Biology 1001A Lecture Notes - Lecture 8: Single-Nucleotide Polymorphism, Retrotransposon, Insertion Sequence

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Published on 16 Nov 2012
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LECTURE NOTES
Lecture 8: Origins of Variation
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List of Mechanisms to Generate Genomic Diversity.
- mobile elements
- SNPs (single nucleotide polymorphisms)
- CNVs (copy number variations)
- transposons (both jumping and copying)
- retrotransposons
How much variation is there?
- Venter individual genome sequence showed 1.2 million variants!
- 25% of variant bases are SNPs (single nucleotide polymorphisms)
- 75% of variant bases are CNVs (copy number variations)
- each person has about 1000 CNV affecting 35% of genes
- genome projects are revealing that we are more different than we thought
- each person has about 300 variants in insertion of retro elements (LINES, SINES)
Mobile Elements
- mobile elements (things in you genome that move around) are very significant sources
of variation
- think about your genome as an ecosystem, where it is inhabited by mobile elements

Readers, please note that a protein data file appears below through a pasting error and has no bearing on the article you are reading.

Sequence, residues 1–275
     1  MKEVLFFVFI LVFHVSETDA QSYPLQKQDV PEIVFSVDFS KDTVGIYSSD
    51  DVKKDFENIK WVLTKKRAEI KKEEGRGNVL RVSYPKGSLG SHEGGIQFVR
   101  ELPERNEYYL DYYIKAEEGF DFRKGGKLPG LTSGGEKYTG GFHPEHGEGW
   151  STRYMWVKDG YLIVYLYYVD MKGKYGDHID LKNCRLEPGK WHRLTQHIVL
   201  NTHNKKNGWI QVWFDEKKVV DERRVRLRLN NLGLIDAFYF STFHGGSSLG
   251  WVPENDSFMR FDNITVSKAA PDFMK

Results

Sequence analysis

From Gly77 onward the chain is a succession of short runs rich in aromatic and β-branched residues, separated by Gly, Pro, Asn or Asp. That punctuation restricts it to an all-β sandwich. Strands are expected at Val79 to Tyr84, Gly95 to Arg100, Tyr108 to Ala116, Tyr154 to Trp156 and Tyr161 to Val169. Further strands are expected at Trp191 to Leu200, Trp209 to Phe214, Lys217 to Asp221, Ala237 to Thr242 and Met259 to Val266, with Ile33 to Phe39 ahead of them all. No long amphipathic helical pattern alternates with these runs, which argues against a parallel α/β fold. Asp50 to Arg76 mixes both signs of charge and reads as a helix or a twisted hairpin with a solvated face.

- bacterial elements code for their own mobility (transposases)
- the insertion sequence codes for its own mobility, it moves around inside a genome
- if there is an insertion sequence on both sides of a central sequence, then the entire
sequence can be moved at the same time–this is called a transposon
- many transposons carry genes for antibiotic resistance, allowing them to move around
in and between organism, this is common in bacteria as a means of transferring
antibiotic resistance
- some elements move with, some without, making a copy, therefore they “jump” from
one location to another, however these elements do not actually “jump” because this
recombination event occurs with the sequence always in contact with DNA strands
- other elements move by sending a copy of themselves elsewhere
- both of these mechanisms create variation
- retrotransposons move by first making an RNA copy of the DNA sequence via
transcription, followed by reverse transcription of the RNA strand into a DNA strand by
reverse transcriptase and finally the retrotransposon is integrated into the DNA at
another point
- retrotransposons are a way of making copies of genes
- retroviruses form a large part of the genome
- sometime in evolution, an ancestor was infected by a retrovirus
- the virus was mutated so that it could not create a protein coat, therefore it
cannot leave and is stuck in the genome
Biology 1001A | 2012
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